A friend’s mom made this black beans and rice recipe for me many years ago on Thanksgiving. We had the traditional turkey, and also a slow-cooked pork roast that was divine. The beans were so good I asked her to have her mom send me the recipe.
The great thing about this is that you feel you’re eating something rich and luxurious, even though it’s a “budget” meal. This particular recipe is also vegetarian. Of course, if you want, you can add some pork or bacon in with the seasoning mixture and cook that before you combine it all with the beans.
It’s also versatile. Cook it down more and you have black beans and rice. Cook a bit less and you end up with black bean soup.
The recipe here is portioned to be a substantial main dish for dinner (or two lunches). Or, use it for two side dishes.
There are two ingredients in it that are a bit unusual for black beans and rice (at least unusual to me): balsamic vinegar and port. You just use a little of each, but it adds an extra depth of flavor which wouldn’t be there otherwise.
I don’t usually have port, so I used brandy instead.
I nearly always get the dried black beans instead of the canned ones. The canned beans tend to have extra salt and additives to “keep them fresh” (which never made sense to me; canned food should last without preservatives). Besides the dried beans are a better value and will last indefinitely.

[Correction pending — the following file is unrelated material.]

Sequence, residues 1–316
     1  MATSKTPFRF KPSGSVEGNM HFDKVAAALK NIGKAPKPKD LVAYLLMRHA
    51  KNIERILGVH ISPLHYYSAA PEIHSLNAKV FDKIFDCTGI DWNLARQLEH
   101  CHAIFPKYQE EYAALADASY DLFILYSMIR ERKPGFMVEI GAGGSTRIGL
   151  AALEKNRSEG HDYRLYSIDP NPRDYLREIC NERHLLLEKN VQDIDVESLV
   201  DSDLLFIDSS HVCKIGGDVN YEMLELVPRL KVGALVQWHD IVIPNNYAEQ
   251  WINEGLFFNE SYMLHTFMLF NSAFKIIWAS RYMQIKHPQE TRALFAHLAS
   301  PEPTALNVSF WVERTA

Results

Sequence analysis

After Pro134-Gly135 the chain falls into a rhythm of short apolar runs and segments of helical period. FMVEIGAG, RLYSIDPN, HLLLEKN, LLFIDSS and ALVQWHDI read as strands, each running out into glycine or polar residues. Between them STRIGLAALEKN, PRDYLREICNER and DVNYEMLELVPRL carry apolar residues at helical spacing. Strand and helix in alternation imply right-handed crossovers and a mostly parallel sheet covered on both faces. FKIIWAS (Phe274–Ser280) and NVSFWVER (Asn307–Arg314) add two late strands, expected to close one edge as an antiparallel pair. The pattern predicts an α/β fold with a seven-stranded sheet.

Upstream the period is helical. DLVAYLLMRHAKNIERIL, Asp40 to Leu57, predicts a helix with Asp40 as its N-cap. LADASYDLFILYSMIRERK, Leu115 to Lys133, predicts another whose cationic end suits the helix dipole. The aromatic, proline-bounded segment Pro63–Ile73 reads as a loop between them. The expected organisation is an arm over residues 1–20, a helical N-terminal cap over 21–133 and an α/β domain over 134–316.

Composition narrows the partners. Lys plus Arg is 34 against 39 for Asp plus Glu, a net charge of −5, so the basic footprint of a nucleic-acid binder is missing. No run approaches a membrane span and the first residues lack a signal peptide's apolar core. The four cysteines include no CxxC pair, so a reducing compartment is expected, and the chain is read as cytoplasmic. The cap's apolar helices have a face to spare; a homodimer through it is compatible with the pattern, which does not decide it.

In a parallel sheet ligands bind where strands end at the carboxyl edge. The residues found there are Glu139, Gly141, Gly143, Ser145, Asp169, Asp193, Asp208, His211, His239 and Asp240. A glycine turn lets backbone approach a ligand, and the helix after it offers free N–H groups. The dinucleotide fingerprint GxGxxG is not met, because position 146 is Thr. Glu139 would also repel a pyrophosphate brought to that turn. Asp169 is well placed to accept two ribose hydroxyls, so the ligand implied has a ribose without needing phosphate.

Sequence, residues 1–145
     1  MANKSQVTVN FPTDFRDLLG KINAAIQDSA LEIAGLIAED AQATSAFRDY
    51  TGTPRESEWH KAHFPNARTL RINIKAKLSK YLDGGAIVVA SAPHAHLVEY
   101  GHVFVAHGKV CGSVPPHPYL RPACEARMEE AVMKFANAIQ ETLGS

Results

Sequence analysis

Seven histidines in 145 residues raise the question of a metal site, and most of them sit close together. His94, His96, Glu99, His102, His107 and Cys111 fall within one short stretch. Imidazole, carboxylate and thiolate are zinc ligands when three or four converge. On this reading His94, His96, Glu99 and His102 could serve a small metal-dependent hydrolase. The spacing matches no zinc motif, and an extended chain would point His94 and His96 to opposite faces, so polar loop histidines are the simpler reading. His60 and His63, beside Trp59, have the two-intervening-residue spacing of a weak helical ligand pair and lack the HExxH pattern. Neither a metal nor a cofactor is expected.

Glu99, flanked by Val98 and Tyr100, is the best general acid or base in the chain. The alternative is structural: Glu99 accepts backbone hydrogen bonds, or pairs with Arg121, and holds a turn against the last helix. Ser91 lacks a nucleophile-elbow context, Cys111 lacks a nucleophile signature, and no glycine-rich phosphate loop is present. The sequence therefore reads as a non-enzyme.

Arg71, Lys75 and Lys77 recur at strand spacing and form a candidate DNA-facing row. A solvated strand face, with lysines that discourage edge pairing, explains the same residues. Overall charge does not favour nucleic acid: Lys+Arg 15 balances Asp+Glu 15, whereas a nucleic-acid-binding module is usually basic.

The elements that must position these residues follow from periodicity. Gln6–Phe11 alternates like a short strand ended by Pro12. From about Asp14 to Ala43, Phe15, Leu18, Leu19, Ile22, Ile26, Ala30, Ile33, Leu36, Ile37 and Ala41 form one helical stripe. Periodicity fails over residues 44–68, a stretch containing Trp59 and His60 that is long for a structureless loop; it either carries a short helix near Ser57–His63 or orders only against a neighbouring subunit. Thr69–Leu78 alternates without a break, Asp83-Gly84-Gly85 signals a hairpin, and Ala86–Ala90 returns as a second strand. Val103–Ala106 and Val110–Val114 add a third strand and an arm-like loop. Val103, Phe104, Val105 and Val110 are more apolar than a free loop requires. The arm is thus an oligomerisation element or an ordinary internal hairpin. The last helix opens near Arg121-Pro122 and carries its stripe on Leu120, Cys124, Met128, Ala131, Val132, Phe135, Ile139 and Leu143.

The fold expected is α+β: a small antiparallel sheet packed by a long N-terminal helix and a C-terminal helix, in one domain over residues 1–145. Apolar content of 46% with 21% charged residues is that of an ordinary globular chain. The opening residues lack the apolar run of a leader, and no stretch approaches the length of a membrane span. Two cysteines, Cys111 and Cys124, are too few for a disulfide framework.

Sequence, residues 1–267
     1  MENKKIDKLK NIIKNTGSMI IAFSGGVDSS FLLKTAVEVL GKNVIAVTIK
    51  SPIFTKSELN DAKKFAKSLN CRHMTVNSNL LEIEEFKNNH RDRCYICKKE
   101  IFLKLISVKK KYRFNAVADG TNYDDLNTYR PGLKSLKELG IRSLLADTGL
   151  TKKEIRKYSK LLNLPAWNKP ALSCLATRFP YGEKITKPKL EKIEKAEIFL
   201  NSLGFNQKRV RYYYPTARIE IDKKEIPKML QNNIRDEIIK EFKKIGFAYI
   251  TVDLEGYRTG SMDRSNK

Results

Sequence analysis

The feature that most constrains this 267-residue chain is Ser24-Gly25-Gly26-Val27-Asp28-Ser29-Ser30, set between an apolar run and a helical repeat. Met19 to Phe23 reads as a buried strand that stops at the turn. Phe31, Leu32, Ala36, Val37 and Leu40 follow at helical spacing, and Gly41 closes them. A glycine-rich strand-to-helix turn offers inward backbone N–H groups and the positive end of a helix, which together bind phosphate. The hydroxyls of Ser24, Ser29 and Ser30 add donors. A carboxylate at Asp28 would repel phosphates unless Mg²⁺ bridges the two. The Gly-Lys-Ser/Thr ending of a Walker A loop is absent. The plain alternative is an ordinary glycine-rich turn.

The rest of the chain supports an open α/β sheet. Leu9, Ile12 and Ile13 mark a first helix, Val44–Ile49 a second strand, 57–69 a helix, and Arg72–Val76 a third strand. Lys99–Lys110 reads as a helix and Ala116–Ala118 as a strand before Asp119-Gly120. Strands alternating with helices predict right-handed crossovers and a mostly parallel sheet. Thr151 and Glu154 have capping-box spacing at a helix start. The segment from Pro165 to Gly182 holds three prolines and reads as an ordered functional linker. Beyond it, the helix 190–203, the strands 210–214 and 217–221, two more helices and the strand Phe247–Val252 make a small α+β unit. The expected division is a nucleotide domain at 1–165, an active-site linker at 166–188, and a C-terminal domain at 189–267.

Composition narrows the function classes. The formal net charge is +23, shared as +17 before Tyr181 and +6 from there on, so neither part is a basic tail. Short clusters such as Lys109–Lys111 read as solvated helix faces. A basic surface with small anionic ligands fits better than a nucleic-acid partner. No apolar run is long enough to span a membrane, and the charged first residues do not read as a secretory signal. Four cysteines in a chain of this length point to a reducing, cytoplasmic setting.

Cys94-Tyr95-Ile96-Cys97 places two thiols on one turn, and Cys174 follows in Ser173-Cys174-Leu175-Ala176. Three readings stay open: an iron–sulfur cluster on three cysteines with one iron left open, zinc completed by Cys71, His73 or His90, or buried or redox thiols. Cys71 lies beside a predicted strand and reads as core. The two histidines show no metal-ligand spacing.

It does take a bit of time to make this (not so much because of the cooking as because of soaking the dried beans). However, you can just let them soak overnight or use my quick soak method. Or, if you’re in a big hurry, use canned beans. Half the can should do it.
I used leftover rice that I already had. If you don’t have leftover rice, start the rice while the bean and onion mixture is simmering.
Substitutions and Variations for Black Beans and Rice Recipe for One Person
- Use brandy instead of port
- If you don’t feel like opening an entire can of tomato sauce to use a small amount, use ketchup (add a little more water)
- Add 1/4 pound pork stew to the onion mixture (when you start it)
- Try some pork fat or bacon or a ham hock
- For more kick, add some cumin or cayenne
More Recipes with Beans and Rice
Open a few cans, mix everything together and instant food! No actual cooking, heating, or baking required.
A Brazilian take on chicken paprikash. Rich, satisfying, not too spicy, and only one pot!
A classic Italian soup that’s made entirely with pantry ingredients you likely already have in your cupboard. And, as my mom would point out, beans and starch equals a complete protein!
Layers of flavor piled into one bowl. First the meat, then the sweet carrots, balanced by the sharp cabbage, and spicy chili garlic sauce. All topped with a slightly crispy fried egg. A whole meal at once.